Exchange student: Confused and hiding rubbish

- in Column, Nyheter

When I first arrived in my corridor room in Lund in September, I couldn’t find the bin. An English friend had warned me that the kitchen plugs weren’t ‘normal’. She was having to take the kettle to her room to make a cup of tea. I was prepared for the timers on the plugs, but I couldn’t for the life of me find the bin!

Though trying my best to avoid them, I was overloaded with plastic bottles and bags from my journey, and without any means to dispose of them, I hastily hid them in my kitchen cupboard. They are still there to this day (I have now figured out where they go, I’m just lazy).

It took me a week and a half to find the recycling cupboard, and over four months to really understand it. Separating light glass and dark glass, not crushing the pant and being able to recycle all forms of soft plastic is all quite new for me, and I grew up in London with a pretty large environmental conscience.

When I asked people about the mysterious recycling cupboard, they laughed at me which is fair enough. This is a system that Swedes have been absorbed into seamlessly – as an exchange student, it has taken some getting used to!

Swedes are so accustomed to this way of life, that I reckon it goes unnoticed.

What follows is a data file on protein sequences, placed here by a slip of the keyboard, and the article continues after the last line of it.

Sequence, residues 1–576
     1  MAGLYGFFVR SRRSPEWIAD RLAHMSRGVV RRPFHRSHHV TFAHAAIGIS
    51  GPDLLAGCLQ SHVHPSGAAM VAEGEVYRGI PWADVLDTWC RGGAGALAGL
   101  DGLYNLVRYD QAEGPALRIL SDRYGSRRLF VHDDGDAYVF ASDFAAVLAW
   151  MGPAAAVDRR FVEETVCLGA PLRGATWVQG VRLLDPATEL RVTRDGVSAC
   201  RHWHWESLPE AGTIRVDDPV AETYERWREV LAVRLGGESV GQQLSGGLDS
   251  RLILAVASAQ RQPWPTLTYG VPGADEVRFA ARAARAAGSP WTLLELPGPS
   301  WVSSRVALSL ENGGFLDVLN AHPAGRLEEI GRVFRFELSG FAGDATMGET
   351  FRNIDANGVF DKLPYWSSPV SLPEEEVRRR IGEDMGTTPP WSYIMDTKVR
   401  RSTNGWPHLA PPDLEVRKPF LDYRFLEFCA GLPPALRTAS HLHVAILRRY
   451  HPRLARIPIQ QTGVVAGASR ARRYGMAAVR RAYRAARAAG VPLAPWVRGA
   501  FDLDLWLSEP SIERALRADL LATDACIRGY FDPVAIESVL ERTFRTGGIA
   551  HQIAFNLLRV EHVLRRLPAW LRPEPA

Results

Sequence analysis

Swedes are so accustomed to this way of life, that I reckon it goes unnoticed, as we all mundanely give hours of our time to sorting trash.

It has been much easier, since arriving in Sweden, to keep up a plastic free eco-friendly lifestyle. It’s very nice to be in a country where the municipality are trying to help, not hinder, your environmental efforts. With Greta Thunberg sitting outside the Swedish parliament week in, week out for her skolstrejk for klimatet, it is clear to me that Sweden has its head screwed on. Extinction Rebellion powers through, whilst plastic free stores such as GRAM in Malmö are increasingly popular. But here I am, an exchange student, confused because I can’t find anywhere to throw away the plastic packaging to my new IKEA bedding (they too are taking steps to reduce waste, with their new mushroom based packaging. Look it up!).

So how to be environmentally conscious in Sweden as an exchange student? Do nothing but what the Swedes do– follow their every step (which they don’t even notice they are taking) towards those 3 million different recycling boxes, and get used to it. You’ll be doing it a lot!